Breast Augmentation (Augmentation Mammaplasty)
Augmentation mammaplasty is the technical name for surgery to make the breasts larger by implanting a silicone rubber shell filled with a saline (salt-water) or silicone gel solution.
As with other forms of cosmetic plastic surgery, you need to have a clear idea of why you want the surgery and a realistic idea of what you hope to look like after it. And you need to discuss these honestly with your surgeon. Improving your appearance can't solve all of the difficulties that you might face in life, but it may increase your self-confidence as you deal with them.
During your first consultation, your doctor will ask you about:
Your general health
Any specific conditions that might interfere with surgery
Your goals for the surgery
The doctor will also:
Perform an exam
Explain the details of the surgery
Discuss what factors might affect the procedure
explain the type of surgical technique to be used
Discuss type of anesthesia to be used and length of hospital stay, if any.
You may be asked to have a mammogram (breast x-ray) before surgery
IMPORTANT: You must stop smoking for several weeks before and after the surgery, because smoking can interfere with healing.
What to Expect
Breast augmentation surgery normally takes about two hours. It can be done as an outpatient procedure, or you may stay in the hospital for a day or two. Depending on the surgical plan, you’ll be given local or general anesthesia.
Local anesthesia means you’ll be sedated and the area around the surgery will be numbed. You’re awake during the surgery, but relaxed and feeling no pain.
General anesthesia means you’ll be asleep during the operation.
How the Procedure is Performed
There are several techniques for breast augmentation. Usually, the surgeon begins by making a small incision either under the breast above the crease, around the areola, or in the armpit. Then, the surgeon makes a “pocket” by lifting your breast tissue and skin. The pocket is either underneath your chest wall muscle (the pectoral muscle) or directly behind your breast tissue. View a diagram of the incisions used for a breast augmentation.
The implant is placed within this pocket, then may put a small, thin drainage tube may be put temporarily under the skin to drain blood and fluids that collect there. Finally, the surgeon closes the incisions with small stitches and puts a bandage on the area to protect it. View a diagram of the placement of the breast implant.
All surgery involves some risk and uncertainty. Serious complications or side effects of this surgery are rare, but they include:
Changes in the sensitivity of the nipples (they can become oversensitive, undersensitive or even numb)
Capsular contracture means the capsule or scar around the implant tightens, squeezes the implant and makes it feel hard. This condition can be corrected in several ways, including removing the scar tissue or removing or replacing the implant.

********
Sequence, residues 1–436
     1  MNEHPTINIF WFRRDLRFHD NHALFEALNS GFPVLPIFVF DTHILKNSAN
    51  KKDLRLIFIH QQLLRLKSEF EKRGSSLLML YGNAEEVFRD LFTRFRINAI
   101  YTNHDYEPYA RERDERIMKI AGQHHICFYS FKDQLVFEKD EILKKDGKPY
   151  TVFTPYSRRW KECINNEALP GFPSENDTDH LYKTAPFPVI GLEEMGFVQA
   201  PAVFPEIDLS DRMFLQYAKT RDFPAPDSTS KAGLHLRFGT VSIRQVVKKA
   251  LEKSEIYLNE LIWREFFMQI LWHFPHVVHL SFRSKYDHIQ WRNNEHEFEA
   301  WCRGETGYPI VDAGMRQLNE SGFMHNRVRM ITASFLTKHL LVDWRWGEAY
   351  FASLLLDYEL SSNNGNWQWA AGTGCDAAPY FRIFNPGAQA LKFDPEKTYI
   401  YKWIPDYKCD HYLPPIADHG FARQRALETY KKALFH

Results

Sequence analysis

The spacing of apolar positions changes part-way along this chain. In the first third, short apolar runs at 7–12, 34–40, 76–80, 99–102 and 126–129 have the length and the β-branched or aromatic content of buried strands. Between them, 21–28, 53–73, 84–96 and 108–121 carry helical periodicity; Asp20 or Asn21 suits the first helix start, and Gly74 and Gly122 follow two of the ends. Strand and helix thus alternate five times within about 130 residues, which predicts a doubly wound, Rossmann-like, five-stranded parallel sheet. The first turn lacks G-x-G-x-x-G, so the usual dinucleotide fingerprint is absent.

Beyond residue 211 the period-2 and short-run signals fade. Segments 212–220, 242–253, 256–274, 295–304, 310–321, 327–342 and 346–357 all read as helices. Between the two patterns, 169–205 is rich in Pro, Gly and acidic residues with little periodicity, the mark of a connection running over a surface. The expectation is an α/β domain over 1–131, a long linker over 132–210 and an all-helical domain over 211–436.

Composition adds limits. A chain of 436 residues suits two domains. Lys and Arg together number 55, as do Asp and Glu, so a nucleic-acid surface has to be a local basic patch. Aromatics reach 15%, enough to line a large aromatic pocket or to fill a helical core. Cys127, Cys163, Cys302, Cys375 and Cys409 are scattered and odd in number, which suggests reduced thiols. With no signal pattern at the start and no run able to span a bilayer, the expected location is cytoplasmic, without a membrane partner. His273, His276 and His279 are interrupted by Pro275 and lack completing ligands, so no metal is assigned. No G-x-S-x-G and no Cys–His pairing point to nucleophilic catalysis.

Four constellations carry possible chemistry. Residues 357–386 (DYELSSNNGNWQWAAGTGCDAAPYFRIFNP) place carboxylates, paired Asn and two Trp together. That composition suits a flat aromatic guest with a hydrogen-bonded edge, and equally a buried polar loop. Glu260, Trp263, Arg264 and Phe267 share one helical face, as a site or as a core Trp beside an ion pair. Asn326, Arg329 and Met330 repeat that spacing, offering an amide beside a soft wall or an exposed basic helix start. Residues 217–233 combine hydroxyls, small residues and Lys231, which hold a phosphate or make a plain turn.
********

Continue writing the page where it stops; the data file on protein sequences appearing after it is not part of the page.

Risks Associated with Breast Implants
Another possible condition is the breast implant breaking or leaking. If you have an implant filled with saline (salt-water) solution that breaks or leaks, your body will absorb the solution with no harm. Very rarely, women with breast implants have symptoms such as joint pain or swelling, fever, fatigue, breast pain and others associated with diseases of the immune system.
The FDA has requested further study of silicone breast implants to determine if there’s any connection between them and a number of conditions.
There’s no evidence that breast implants affect fertility, pregnancy, or the ability to breast feed. Nor is there any evidence that breast implants cause breast cancer. But if you have implants, you may need to change the way you have a mammography. Make sure whoever does your mammography is experienced with implants and knows you have them.
Immediately After Surgery
After the surgery, your breasts will probably be covered gauze bandages to protect you from infection. They’ll be removed, along with the drainage tubes, within a few days and you may be asked to wear a surgical support bra for a few weeks.
After a Few Weeks
Your breasts will be swollen and bruised for a few weeks after surgery and you may have a burning feeling in your nipples for some or all of the that time. Your stitches will be removed within a week to ten days. You should be able to return to non-physical work within a week or so. Your breasts will be sensitive to direct contact for several weeks.
This surgery does leave permanent scars, and they may even appear to worsen after a few months. But they will fade in time and are easily hidden by clothing.
Healing is Slow - But Results are Great
Many people feel depressed for a while after plastic surgery, especially in the early days when your breasts are swollen and bruised. This is normal and will pass. Healing is slow and gradual and sometimes the final results of the surgery aren’t apparent for many months or more. But remember why you chose to have the surgery. If you've met your goals, then your surgery is a success.
For more information on breast augmentation, please call (585) 275-1000, or request a consultation appointment online.